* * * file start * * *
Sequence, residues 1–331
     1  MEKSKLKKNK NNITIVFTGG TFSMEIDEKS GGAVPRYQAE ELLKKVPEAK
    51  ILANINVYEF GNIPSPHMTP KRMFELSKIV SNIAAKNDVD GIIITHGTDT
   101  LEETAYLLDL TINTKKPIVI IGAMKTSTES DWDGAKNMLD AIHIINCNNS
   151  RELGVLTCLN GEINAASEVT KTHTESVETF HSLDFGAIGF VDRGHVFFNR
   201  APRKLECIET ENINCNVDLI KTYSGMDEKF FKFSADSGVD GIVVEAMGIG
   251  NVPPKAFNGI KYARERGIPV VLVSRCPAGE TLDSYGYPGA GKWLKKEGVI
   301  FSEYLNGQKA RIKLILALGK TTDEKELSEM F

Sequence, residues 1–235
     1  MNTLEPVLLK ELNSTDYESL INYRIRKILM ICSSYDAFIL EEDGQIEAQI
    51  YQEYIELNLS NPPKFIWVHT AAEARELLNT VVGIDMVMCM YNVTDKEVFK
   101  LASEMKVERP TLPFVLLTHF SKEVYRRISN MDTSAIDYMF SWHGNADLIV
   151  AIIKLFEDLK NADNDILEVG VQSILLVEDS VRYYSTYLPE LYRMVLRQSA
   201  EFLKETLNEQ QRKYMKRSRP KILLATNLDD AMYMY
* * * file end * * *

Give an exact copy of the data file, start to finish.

Sequence, residues 1–331
     1  MEKSKLKKNK NNITIVFTGG TFSMEIDEKS GGAVPRYQAE ELLKKVPEAK
    51  ILANINVYEF GNIPSPHMTP KRMFELSKIV SNIAAKNDVD GIIITHGTDT
   101  LEETAYLLDL TINTKKPIVI IGAMKTSTES DWDGAKNMLD AIHIINCNNS
   151  RELGVLTCLN GEINAASEVT KTHTESVETF HSLDFGAIGF VDRGHVFFNR
   201  APRKLECIET ENINCNVDLI KTYSGMDEKF FKFSADSGVD GIVVEAMGIG
   251  NVPPKAFNGI KYARERGIPV VLVSRCPAGE TLDSYGYPGA GKWLKKEGVI
   301  FSEYLNGQKA RIKLILALGK TTDEKELSEM F

Sequence, residues 1–235
     1  MNTLEPVLLK ELNSTDYESL INYRIRKILM ICSSYDAFIL EEDGQIEAQI
    51  YQEYIELNLS NPPKFIWVHT AAEARELLNT VVGIDMVMCM YNVTDKEVFK
   101  LASEMKVERP TLPFVLLTHF SKEVYRRISN MDTSAIDYMF SWHGNADLIV
   151  AIIKLFEDLK NADNDILEVG VQSILLVEDS VRYYSTYLPE LYRMVLRQSA
   201  EFLKETLNEQ QRKYMKRSRP KILLATNLDD AMYMY